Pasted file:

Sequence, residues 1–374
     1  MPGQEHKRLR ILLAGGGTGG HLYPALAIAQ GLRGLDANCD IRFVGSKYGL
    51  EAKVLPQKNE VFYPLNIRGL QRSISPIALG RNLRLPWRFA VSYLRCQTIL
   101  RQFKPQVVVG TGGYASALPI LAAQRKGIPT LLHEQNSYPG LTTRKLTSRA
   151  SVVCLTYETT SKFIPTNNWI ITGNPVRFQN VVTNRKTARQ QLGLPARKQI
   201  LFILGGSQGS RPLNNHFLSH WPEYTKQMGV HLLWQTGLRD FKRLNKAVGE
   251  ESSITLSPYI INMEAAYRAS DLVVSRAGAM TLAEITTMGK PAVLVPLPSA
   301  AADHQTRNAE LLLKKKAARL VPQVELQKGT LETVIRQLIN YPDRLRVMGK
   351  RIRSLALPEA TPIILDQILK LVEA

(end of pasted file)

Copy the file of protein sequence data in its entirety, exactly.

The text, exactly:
Sequence, residues 1–374
     1  MPGQEHKRLR ILLAGGGTGG HLYPALAIAQ GLRGLDANCD IRFVGSKYGL
    51  EAKVLPQKNE VFYPLNIRGL QRSISPIALG RNLRLPWRFA VSYLRCQTIL
   101  RQFKPQVVVG TGGYASALPI LAAQRKGIPT LLHEQNSYPG LTTRKLTSRA
   151  SVVCLTYETT SKFIPTNNWI ITGNPVRFQN VVTNRKTARQ QLGLPARKQI
   201  LFILGGSQGS RPLNNHFLSH WPEYTKQMGV HLLWQTGLRD FKRLNKAVGE
   251  ESSITLSPYI INMEAAYRAS DLVVSRAGAM TLAEITTMGK PAVLVPLPSA
   301  AADHQTRNAE LLLKKKAARL VPQVELQKGT LETVIRQLIN YPDRLRVMGK
   351  RIRSLALPEA TPIILDQILK LVEA